When Children Have Grown Up

Photo by Sharon McCutcheon from Pexels

Note: Erma Bombeck’s newspaper columns and books are irreplaceable in American humor and insight. I found this article in my files and wanted to share it.

One of these days you’re going to shout, “Wy don’t you kids grow up and act your age?” And they will. Or, “You guys get outside and find yourselves something to do and don’t slam the door.” And they will. You’ll straighten up the boys bedroom, neat and tidy. Bumper stickers discarded, spread tucked and smooth, toys displayed on the shelves, hangers in the closet, animals caged. And you’ll shout out loud, “Now I want it to stay that way.” And it will.

You’ll prepare a perfect dinner with a salad that hasn’t been picked to death. And a cake with no finger traces in the icing. And you’ll say, “Now there’s a meal for company.” And you’ll eat it alone.

You’ll say, “I want complete privacy on the phone. No dancing around. No pantomimes. No demolition crews. Silence. Do you hear?” And you’ll have it.

No more plastic table cloths stained with spaghetti. No more bed spreads to protect from damp bottoms. No more gates to stumble over at the top of the basement steps. No more clothes pins under the sofa. No more play pens to arrange the room around. No more anxious nights under a vaporizer tent. No more sand on the sheets, or poppy movies in the bathrooms. No more iron patches or wet knotted shoe strings or tight boots or rubber bands for pony tails.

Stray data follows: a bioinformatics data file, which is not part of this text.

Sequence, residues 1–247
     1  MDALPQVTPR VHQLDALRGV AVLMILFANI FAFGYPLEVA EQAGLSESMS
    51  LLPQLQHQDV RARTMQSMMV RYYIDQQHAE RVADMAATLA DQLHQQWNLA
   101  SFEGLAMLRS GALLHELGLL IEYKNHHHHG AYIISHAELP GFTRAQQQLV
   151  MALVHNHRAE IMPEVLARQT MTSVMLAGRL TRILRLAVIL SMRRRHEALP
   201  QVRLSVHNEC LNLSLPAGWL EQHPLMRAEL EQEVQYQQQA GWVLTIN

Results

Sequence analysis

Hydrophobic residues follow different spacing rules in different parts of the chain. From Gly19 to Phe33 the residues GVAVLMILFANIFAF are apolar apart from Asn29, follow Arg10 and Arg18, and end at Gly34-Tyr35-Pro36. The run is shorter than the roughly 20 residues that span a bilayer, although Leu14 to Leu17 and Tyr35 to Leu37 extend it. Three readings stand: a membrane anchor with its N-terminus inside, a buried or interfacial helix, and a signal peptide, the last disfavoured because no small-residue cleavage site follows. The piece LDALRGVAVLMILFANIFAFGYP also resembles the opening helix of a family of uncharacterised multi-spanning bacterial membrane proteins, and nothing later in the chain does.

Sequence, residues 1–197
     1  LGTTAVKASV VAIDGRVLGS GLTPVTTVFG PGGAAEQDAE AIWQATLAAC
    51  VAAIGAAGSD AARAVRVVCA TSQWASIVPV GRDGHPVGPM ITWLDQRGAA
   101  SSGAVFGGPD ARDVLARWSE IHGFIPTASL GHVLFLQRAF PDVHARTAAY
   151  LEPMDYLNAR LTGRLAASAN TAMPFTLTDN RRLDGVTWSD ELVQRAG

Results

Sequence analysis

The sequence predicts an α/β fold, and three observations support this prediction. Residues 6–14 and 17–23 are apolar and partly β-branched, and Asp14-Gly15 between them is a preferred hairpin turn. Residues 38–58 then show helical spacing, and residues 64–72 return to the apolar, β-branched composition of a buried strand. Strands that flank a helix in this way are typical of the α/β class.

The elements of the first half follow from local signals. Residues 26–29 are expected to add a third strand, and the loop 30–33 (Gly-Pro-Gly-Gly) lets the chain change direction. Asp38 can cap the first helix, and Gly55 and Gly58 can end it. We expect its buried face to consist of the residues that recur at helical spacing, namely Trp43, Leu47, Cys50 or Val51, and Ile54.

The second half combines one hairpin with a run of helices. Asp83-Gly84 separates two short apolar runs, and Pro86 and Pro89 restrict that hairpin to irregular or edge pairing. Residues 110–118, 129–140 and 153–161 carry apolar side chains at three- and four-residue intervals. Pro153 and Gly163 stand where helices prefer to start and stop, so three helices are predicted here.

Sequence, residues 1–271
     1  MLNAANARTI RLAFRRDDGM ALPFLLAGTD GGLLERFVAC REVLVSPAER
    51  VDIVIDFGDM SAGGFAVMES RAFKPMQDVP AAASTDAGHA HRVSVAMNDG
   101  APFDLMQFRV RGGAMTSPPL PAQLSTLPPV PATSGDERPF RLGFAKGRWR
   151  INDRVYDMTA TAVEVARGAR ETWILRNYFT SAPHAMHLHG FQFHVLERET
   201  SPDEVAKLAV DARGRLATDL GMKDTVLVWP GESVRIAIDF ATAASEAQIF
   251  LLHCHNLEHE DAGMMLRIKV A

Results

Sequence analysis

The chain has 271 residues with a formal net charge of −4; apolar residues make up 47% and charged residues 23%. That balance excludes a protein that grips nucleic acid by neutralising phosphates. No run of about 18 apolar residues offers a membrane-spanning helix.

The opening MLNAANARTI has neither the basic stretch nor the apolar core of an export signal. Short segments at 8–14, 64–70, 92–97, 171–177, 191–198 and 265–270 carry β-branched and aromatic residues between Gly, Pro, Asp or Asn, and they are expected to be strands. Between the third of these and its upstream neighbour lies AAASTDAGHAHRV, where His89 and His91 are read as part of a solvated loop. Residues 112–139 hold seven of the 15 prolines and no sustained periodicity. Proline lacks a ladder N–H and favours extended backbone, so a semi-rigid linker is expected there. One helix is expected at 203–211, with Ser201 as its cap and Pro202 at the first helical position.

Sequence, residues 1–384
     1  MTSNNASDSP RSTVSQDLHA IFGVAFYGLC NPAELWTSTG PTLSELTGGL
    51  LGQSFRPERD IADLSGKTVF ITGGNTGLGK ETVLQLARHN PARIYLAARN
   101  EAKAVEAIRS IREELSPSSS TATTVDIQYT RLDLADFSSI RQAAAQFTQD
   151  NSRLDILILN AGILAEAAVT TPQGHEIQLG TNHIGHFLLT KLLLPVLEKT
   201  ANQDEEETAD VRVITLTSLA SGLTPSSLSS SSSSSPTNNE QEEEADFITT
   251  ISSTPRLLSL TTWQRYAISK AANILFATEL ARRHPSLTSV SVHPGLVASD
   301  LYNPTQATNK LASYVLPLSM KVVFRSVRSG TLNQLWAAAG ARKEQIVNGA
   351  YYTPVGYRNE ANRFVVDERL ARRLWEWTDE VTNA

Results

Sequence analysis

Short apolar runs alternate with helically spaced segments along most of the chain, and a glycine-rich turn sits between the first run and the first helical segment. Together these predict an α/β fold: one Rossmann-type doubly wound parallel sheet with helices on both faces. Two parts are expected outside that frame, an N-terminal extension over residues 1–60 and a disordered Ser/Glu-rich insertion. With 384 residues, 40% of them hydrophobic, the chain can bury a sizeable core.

Imagine lipstick with a point on it. No baby sitter for New Year’s Eve. Washing only once a week. Seeing a steak that isn’t ground. Having your teeth cleaned without a baby on your lap. No PTA meetings. No car pools. No blaring radios. No one washing her hair at 11:00 at night. Having your own roll of transparent adhesive tape. Think about it.

No more Christmas presents out of toothpaste and library paste. No more sloppy oatmeal kisses. No more tooth fairy. No more giggles in the dark. No knees to heal. No responsibility. Only a voice crying, “Why don’t you grow up?” And the silence echoing: “I did.”